- We regularly do what we call WATS (We Are the Sermon). Instead of having our regular evening service, we go out into the community and “be the sermon” by serving and helping people in our community. Groups of workers from church mow lawns, cut down trees, haul off junk, pick up trash, etc., all for people who are unable to do it themselves.
- We have planted a community garden that we use to help feed those in need in our community. Around Christmas time, we have a grocery giveaway and also a clothing and toy giveaway for those in need.
- All the work and effort we have put into serving our community has been excellent for our reputation in the community. Not too long ago, I had a lady stop me in the grocery store and ask “Hey you attend the Church of Christ, don’t you? Aren’t you the church that… (In my head I was cringing, thinking of every possible negative thing she might be about to say. Instead it went like this…) “Aren’t you the ones that are always doing good things in our community to help people?” I have to admit, I wanted to dance a little jig right there in the supermarket.
“Hey you attend the Church of Christ, don’t you? Aren’t you the church that…
3) We quit just writing checks for missions and started getting actively involved in them. One of the best things that we have done is get involved in taking our own short-term mission trips to the places we support. We have taken nearly 2/3 of our congregation on short-term mission trips to places like Honduras, Mexico, England, and other places we support. We want to feel like we are a part of the work we are doing throughout the world, and that’s more than just writing a check. One of the blessings of short term missions has been that many of those who go, come home wanting to continue to do missions in our own backyard. The Augment Project and community garden are direct results of short-term missions to Honduras.
4) We have put an emphasis on reaching out to our young families in the community. Over the past 10 years, we have become a very young congregation. Not too many years ago, our young adult class met in a small room in the basement that held about 20 to 30 people. Now that class is the biggest class we have on Sundays with over 70 people last week. We’ve put a lot of emphasis on meeting the needs of young families with classes like marriage enrichment and other things that are relevant. We have a large youth group and lots of young children running around everywhere. Our large group of young children can sometimes be disruptive and loud on Sundays during worship, and we consider that music to our ears.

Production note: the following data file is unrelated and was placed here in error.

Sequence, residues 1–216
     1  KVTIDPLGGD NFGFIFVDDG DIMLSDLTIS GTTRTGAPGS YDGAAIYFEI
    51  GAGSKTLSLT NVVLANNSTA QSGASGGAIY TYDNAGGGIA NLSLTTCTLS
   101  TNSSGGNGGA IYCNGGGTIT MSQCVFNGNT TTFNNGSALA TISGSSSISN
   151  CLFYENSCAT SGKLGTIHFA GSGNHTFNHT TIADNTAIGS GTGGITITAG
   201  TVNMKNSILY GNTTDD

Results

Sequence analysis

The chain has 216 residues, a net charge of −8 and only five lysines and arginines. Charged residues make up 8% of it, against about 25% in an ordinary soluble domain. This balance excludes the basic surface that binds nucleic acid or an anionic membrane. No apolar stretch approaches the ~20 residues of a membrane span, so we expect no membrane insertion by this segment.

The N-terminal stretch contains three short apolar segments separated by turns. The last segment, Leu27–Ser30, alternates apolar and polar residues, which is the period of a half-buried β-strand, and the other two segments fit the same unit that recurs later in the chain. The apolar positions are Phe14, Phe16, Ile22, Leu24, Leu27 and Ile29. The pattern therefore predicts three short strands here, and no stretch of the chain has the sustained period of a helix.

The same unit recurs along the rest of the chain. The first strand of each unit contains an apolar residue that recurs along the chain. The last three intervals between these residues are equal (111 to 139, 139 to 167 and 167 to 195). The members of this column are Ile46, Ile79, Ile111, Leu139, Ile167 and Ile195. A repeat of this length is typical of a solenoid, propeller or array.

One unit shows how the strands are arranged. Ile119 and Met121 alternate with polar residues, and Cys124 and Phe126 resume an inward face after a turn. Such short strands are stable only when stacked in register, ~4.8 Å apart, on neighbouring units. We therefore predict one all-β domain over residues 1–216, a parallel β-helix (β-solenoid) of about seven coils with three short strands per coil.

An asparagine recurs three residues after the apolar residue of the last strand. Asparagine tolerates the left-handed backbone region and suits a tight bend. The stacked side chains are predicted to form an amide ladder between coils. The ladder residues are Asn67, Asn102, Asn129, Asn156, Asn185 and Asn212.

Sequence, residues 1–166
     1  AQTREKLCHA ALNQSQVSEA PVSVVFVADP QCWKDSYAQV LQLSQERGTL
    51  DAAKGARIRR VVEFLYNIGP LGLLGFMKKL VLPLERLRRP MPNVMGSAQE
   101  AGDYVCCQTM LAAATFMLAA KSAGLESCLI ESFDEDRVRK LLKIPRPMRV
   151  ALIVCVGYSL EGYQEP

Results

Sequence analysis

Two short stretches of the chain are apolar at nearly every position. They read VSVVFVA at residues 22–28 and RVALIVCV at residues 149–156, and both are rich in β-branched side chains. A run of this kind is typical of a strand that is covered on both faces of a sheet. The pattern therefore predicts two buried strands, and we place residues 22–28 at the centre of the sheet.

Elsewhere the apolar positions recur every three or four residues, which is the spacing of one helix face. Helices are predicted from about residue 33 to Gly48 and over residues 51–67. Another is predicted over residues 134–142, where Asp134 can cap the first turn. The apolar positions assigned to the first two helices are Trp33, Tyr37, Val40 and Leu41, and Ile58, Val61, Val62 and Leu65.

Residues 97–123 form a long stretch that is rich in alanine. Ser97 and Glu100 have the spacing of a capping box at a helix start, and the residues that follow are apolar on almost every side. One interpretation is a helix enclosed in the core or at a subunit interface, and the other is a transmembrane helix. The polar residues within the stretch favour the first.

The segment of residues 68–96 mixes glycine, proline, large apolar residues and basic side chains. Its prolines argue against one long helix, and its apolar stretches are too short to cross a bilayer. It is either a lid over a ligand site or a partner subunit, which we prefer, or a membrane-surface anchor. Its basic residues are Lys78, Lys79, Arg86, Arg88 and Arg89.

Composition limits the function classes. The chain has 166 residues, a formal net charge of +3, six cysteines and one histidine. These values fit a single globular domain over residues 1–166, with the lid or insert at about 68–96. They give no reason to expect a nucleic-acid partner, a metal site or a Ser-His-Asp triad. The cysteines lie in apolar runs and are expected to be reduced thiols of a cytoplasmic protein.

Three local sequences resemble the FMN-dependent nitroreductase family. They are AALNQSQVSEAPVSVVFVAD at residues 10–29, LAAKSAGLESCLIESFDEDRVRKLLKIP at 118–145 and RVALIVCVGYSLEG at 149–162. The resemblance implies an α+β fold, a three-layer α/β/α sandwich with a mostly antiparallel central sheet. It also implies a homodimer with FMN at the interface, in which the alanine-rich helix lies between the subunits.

5) We stopped having a traditional Sunday PM service and have changed to an informal Bible study that we call Power Hour. It also includes a bible class for the children we call Power Kids. One of the things we realized was that we would have 370 for Sunday morning worship and only 70 come back for a traditional Sunday evening worship. When we asked our young families why they were struggling to come back, we found out they did not want to wrestle their children again for another hour of what they’d done that morning. So we replaced our traditional Sunday evening service with a bible study for adults and a bible class for kids (Power Hour and Power Kids). Adults now come and have Bible study in the auditorium while the kids have songs and a Bible lesson in the fellowship hall. This allows parents a chance to have a Bible study without having to wrestle their children for another 45 minutes. Our attendance for power hour and power kids easily doubled In comparison to what it was on Sunday evenings. Final results are still out to see how this goes.
There are many other things I could mention, but this post is already long enough. Again, we simply are looking for new ways to do outreach, serve others, and meet the needs of your people. Don’t be afraid of healthy biblical change … and never catch yourself not doing something because “We’ve never done it that way before.”